Varieties of American Giant Blueberry
There are several varieties of the American giant blueberry that can be cultivated in the family orchard. Each of these has different characteristics, especially in terms of contained substances. Let’s see what these varieties are.
- Duke, an early maturing variety. It withstands spring cold snaps well due to late flowering, a crucial characteristic for blueberry plants. It’s highly productive, yielding fruits of excellent quality with an aromatic fragrance and medium size. The blueberries are light blue, with a balanced taste between sweet and tart.
- Spartan, an early maturing variety with good resistance to spring cold. It produces very large blueberries with compact flesh and pleasant flavor.
- Bluecrop, an intermediate maturing variety. It ensures consistent and high productivity, offering excellent-sized fruits. The blueberries are light blue with a somewhat elongated shape.
- Brigitta, a semi-late maturing variety, vigorous and highly productive, yielding fruits of excellent quality that can be stored for an extended period, extending the consumption period.
- Jersey, a variety with very elliptical, dark green leaves. It produces large, very sweet blueberries upon complete ripening, occurring between late June and early July.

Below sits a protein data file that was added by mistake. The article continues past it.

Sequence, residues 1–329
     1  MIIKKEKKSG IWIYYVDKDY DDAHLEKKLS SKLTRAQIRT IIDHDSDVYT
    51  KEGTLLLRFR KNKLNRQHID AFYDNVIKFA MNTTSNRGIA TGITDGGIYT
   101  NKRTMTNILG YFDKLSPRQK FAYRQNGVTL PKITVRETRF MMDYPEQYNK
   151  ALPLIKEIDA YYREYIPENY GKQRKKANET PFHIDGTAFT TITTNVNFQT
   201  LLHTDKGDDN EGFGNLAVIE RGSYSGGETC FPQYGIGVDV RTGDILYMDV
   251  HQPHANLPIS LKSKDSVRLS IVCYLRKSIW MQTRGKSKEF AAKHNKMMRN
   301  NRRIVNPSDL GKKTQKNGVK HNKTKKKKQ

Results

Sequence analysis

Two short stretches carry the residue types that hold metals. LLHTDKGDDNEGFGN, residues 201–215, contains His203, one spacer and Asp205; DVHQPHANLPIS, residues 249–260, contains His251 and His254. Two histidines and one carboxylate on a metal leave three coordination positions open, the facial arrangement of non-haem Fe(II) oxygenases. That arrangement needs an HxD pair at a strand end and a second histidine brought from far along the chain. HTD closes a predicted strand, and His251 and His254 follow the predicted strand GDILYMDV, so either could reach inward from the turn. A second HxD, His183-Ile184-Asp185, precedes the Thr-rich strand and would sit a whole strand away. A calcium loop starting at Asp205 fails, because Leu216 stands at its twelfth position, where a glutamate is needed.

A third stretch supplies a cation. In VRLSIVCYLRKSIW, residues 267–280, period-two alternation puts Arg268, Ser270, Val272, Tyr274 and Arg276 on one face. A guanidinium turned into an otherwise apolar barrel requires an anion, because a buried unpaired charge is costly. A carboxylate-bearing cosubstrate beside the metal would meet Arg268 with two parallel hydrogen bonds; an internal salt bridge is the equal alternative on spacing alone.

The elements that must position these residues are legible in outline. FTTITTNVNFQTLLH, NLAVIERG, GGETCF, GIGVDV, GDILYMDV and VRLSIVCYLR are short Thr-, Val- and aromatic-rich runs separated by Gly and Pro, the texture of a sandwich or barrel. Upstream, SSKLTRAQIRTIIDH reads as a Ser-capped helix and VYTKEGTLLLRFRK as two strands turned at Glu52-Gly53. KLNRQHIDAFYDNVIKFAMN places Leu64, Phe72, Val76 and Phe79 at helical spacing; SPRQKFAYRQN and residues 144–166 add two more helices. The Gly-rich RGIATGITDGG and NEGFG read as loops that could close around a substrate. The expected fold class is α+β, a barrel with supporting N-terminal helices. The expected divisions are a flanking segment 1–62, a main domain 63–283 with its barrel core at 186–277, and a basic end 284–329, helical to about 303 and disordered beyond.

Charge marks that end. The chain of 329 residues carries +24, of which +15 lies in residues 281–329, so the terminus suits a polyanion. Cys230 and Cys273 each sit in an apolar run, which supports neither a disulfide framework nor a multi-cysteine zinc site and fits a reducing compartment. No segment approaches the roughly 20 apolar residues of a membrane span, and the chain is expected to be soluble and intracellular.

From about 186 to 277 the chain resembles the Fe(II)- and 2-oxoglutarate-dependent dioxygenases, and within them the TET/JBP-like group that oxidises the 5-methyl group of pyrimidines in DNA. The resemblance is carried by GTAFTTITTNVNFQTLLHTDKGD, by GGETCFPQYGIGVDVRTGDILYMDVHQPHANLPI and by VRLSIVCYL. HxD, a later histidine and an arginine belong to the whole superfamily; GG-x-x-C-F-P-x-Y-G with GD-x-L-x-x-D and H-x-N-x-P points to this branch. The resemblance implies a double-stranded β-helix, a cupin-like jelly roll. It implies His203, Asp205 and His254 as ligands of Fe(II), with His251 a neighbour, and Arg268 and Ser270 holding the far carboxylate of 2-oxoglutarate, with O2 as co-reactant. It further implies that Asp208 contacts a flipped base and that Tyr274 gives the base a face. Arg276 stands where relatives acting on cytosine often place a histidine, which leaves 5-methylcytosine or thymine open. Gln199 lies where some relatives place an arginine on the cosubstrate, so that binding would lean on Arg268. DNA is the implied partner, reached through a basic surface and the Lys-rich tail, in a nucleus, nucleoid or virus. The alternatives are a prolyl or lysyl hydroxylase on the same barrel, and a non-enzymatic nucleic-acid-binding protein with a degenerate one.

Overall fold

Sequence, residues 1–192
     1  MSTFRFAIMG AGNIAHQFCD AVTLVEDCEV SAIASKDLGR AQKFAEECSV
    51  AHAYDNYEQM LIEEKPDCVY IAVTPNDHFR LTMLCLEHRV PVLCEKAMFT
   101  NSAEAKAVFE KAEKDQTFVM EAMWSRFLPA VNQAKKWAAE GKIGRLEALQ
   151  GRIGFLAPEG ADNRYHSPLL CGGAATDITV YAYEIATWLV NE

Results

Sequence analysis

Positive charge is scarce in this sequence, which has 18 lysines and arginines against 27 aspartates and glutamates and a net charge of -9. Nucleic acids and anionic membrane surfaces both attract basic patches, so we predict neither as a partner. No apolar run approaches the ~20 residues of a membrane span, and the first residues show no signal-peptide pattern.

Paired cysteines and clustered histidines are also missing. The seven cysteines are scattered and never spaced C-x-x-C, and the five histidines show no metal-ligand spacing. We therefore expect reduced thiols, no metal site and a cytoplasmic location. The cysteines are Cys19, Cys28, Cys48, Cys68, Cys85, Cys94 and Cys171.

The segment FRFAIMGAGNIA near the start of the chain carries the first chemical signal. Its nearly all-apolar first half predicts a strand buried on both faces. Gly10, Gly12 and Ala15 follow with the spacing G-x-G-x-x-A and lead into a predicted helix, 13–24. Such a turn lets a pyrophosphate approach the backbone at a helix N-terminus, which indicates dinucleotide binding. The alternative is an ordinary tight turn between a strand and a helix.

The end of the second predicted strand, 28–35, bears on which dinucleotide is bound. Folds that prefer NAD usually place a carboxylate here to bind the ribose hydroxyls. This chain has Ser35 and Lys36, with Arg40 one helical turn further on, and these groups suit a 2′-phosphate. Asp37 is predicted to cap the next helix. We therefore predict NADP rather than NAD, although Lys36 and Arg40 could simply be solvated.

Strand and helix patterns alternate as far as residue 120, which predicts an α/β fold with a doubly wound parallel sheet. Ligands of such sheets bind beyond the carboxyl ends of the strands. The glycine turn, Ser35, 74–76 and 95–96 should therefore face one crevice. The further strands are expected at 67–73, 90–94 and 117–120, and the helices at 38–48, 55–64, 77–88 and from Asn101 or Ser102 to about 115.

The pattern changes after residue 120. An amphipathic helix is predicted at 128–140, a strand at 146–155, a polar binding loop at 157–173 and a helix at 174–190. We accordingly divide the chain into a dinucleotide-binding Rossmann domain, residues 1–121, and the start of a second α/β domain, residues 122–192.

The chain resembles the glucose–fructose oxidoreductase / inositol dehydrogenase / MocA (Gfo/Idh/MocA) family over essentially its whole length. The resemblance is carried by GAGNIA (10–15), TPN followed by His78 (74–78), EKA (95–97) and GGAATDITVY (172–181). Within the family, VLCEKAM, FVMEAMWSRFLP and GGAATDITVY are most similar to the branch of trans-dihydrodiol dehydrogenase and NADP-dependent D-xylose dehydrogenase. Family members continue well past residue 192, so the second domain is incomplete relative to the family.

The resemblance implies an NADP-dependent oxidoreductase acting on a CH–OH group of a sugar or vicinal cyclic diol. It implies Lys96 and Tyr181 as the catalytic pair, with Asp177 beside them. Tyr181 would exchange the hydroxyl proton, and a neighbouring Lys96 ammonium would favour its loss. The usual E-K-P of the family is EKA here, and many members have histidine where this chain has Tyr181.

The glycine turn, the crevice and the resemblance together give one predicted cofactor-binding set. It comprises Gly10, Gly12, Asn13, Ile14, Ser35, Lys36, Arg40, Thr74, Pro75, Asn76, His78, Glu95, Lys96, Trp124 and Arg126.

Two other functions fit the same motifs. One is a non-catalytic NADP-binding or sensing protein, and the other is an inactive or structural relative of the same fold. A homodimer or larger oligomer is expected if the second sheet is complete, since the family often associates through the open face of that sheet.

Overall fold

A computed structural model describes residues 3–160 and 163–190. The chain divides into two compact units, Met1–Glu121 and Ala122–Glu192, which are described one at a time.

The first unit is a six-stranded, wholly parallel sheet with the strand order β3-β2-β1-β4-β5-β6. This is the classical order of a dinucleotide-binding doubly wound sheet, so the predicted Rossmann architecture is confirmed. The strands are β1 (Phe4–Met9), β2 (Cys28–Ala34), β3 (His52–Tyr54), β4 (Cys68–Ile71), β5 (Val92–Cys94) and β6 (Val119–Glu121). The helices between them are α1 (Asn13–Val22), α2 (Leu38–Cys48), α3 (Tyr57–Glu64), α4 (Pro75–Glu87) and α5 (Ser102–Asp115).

The blueberry plant is usually grown in hilly and low mountain areas. It has excellent cold resistance, enduring temperatures as low as -30 “C. This happens if the young shoots are well lignified during the growing season. Blueberries are more susceptible to late spring cold snaps, especially during the flowering phase. Intense late spring cold can compromise the subsequent fruit set. Therefore, the plant needs to be protected from frost more in spring than in winter, with timely interventions when critical conditions arise. A good idea is to shield the plant with frost-protection covers like these ones. Finally, the plant prefers full sun exposure but sheltered from winds, such as through the use of windbreak hedges. High temperatures are important during the fruit ripening phase to increase sugar content.
Soil and Correct Acidity
Blueberries are demanding in terms of soil. They thrive in acidic conditions, with a pH level between 4 and 5. With pH values above 5.5-6, the plant’s growth and production may be compromised. Unsuitable soil types often lead to absorption problems and deficiencies, especially iron chlorosis, resulting in rapid leaf yellowing. The soil doesn’t need to be very deep; it’s more important to lack limestone and have a good supply of decomposed organic matter. Additionally, the soil structure should be loose to prevent waterlogging and facilitate water absorption. Before starting a blueberry cultivation, it’s wise to perform a soil pH analysis to check the acidity level and, if necessary, make corrections. An approach to adjust acidity is to amend the soil with acidic peat. This can be done during soil preparation or at planting time. Acidic peat can replace mature manure during planting. A good organic acidic peat can be found here. Remember, acidic peat is readily available in nature. For instance, you can find it by taking soil from under an old chestnut tree. Another product used to acidify the soil is pelleted sulfur, allowed in organic farming. However, it’s advisable to follow the manufacturer’s instructions for dosing.